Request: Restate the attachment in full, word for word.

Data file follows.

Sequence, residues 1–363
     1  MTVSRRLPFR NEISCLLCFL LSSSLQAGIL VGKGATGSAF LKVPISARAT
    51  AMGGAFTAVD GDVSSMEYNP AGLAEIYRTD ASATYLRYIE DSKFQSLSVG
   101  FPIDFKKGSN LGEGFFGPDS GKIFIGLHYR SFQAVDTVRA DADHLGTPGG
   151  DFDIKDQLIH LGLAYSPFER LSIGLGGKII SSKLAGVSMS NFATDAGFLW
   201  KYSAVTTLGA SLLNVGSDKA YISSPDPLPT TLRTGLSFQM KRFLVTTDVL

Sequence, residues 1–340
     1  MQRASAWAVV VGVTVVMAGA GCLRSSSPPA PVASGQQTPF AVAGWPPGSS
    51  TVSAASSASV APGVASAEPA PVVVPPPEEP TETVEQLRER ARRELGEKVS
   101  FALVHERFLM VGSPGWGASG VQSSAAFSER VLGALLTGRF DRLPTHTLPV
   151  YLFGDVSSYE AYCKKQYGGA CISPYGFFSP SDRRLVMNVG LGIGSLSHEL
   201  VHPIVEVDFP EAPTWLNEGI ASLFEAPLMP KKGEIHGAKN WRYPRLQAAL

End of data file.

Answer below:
Sequence, residues 1–363
     1  MTVSRRLPFR NEISCLLCFL LSSSLQAGIL VGKGATGSAF LKVPISARAT
    51  AMGGAFTAVD GDVSSMEYNP AGLAEIYRTD ASATYLRYIE DSKFQSLSVG
   101  FPIDFKKGSN LGEGFFGPDS GKIFIGLHYR SFQAVDTVRA DADHLGTPGG
   151  DFDIKDQLIH LGLAYSPFER LSIGLGGKII SSKLAGVSMS NFATDAGFLW
   201  KYSAVTTLGA SLLNVGSDKA YISSPDPLPT TLRTGLSFQM KRFLVTTDVL

Sequence, residues 1–340
     1  MQRASAWAVV VGVTVVMAGA GCLRSSSPPA PVASGQQTPF AVAGWPPGSS
    51  TVSAASSASV APGVASAEPA PVVVPPPEEP TETVEQLRER ARRELGEKVS
   101  FALVHERFLM VGSPGWGASG VQSSAAFSER VLGALLTGRF DRLPTHTLPV
   151  YLFGDVSSYE AYCKKQYGGA CISPYGFFSP SDRRLVMNVG LGIGSLSHEL
   201  VHPIVEVDFP EAPTWLNEGI ASLFEAPLMP KKGEIHGAKN WRYPRLQAAL